UCLA identifies genetic link to PTSD

PRESS RELEASE  LOS ANGELES- Why do some people experience post-traumatic stress disorder (PTSD) while others who suffered the same ordeal do not? A new UCLA study may shed light on the answer.

UCLA scientists have linked two genes involved in serotonin production to a higher risk of developing PTSD. Published in the April 3 online edition of the Journal of Affective Disorders, the findings suggest that susceptibility to PTSD is inherited, pointing to new ways of screening for and treating the disorder.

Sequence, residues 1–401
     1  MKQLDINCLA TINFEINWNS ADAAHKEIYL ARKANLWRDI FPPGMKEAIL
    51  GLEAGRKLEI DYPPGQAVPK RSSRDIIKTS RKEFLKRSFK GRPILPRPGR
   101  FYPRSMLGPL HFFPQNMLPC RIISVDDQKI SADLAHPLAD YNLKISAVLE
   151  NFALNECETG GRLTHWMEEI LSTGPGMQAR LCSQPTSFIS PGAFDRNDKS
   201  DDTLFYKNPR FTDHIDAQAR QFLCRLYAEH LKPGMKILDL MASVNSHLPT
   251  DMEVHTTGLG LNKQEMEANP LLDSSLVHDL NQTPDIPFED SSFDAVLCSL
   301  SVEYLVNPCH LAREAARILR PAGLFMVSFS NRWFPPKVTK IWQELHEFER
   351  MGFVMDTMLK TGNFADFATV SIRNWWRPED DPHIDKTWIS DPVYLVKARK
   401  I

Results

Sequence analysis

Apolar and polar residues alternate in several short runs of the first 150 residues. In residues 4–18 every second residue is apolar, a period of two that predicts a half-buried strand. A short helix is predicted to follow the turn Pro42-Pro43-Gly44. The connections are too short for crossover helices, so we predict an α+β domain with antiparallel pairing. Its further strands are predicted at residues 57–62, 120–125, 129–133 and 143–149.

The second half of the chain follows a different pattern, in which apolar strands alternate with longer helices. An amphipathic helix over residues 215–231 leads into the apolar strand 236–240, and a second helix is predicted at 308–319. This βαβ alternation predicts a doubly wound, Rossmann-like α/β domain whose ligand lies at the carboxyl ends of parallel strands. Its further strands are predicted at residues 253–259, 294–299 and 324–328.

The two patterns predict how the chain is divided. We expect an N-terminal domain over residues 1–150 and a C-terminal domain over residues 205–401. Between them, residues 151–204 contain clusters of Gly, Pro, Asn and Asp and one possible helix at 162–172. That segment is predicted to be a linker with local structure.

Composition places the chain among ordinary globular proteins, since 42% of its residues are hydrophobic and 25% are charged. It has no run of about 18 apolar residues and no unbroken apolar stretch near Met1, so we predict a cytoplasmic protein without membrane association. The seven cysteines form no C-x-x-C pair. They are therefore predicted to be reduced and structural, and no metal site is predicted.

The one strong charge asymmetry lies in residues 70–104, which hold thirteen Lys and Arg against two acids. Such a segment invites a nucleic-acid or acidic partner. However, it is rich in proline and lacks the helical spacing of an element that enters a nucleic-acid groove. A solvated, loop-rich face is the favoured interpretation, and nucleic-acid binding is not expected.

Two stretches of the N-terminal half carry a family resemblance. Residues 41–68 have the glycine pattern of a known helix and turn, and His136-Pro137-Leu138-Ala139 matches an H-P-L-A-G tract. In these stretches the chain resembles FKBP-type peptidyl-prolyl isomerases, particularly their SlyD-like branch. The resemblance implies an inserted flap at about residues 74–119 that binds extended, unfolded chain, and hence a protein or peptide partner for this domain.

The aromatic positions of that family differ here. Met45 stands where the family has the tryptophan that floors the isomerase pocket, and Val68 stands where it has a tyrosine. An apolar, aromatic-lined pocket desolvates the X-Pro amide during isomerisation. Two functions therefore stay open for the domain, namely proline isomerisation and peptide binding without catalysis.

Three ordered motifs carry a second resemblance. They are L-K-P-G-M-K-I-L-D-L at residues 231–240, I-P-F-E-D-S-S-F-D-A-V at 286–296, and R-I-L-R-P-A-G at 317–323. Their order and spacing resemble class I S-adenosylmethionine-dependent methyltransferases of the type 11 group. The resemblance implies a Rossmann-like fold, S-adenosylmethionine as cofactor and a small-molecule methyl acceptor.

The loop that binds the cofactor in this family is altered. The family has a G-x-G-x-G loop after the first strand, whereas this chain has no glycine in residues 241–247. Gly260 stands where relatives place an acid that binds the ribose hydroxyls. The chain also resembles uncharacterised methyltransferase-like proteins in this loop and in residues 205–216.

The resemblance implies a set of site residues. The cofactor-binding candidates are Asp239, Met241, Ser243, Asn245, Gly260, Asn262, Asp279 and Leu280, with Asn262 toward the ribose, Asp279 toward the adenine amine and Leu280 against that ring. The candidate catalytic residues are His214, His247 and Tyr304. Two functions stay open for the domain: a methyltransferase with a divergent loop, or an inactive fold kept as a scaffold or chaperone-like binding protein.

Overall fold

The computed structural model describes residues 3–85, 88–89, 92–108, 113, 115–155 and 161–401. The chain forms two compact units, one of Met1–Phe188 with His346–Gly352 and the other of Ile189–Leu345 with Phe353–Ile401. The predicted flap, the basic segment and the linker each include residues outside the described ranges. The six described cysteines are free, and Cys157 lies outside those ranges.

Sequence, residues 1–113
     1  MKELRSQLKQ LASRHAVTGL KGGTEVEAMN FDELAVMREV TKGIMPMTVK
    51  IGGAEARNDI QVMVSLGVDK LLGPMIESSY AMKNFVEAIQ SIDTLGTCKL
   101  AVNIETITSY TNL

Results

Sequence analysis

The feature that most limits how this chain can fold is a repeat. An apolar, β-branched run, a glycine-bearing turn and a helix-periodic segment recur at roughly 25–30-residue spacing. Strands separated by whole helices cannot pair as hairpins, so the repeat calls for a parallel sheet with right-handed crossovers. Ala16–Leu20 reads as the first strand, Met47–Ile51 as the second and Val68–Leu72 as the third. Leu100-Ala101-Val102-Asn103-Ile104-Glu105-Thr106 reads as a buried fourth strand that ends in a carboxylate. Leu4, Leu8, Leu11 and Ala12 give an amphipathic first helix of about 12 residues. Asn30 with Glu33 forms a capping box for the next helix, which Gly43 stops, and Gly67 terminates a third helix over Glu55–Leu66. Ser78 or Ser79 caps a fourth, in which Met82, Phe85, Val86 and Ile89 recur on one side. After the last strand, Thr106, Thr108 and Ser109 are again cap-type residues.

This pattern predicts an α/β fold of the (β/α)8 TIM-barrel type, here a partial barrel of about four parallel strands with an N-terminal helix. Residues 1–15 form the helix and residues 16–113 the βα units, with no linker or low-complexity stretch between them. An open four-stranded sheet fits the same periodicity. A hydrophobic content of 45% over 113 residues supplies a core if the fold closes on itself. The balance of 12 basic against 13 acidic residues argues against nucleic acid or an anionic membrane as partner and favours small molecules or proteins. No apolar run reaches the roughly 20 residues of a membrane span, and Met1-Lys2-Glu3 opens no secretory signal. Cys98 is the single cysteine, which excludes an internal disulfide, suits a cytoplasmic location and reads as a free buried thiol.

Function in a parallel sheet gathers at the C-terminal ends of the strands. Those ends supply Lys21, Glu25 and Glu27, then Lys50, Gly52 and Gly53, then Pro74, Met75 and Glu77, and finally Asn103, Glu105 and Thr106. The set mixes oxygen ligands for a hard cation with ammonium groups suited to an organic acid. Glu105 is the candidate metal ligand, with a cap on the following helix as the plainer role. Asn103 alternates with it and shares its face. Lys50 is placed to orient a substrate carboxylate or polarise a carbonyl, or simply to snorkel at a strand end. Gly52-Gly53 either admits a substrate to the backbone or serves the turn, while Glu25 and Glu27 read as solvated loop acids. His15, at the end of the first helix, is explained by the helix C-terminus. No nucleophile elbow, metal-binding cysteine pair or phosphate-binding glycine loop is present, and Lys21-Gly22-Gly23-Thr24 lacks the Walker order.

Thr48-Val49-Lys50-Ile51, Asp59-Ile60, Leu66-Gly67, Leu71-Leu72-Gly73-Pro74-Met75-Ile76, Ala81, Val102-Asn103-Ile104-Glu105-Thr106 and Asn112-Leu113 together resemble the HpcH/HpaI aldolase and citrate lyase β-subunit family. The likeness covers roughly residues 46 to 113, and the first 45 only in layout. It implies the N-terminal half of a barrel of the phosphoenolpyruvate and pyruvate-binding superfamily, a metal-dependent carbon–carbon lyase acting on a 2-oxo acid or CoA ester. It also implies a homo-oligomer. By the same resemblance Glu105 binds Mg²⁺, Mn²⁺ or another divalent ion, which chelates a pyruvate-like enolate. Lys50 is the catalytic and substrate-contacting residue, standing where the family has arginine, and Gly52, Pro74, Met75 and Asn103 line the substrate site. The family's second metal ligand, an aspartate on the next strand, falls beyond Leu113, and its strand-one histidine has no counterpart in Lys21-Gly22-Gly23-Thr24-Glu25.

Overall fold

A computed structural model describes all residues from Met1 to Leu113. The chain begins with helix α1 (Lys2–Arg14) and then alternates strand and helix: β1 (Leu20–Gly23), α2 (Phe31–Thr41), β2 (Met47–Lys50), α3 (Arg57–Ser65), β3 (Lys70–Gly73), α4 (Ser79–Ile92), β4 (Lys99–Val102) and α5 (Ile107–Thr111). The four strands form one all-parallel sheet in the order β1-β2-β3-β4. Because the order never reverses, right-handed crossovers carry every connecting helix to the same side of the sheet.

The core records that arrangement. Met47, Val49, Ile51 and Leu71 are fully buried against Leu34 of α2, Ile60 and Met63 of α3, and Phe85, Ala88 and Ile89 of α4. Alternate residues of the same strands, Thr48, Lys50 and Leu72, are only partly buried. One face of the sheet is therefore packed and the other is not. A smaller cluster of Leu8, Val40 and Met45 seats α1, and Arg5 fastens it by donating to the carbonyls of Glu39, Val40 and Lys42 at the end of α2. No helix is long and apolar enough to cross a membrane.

“People can develop post-traumatic stress disorder after surviving a life-threatening ordeal like war, rape or a natural disaster,” said lead author Dr. Armen Goenjian, a research professor of psychiatry at the Semel Institute for Neuroscience and Human Behavior at UCLA. “If confirmed, our findings could eventually lead to new ways to screen people at risk for PTSD and target specific medicines for preventing and treating the disorder.” 

Read the rest of the press release here:  UCLA Study Identifies genes linked to PTSD

From the Count Your Culture Blog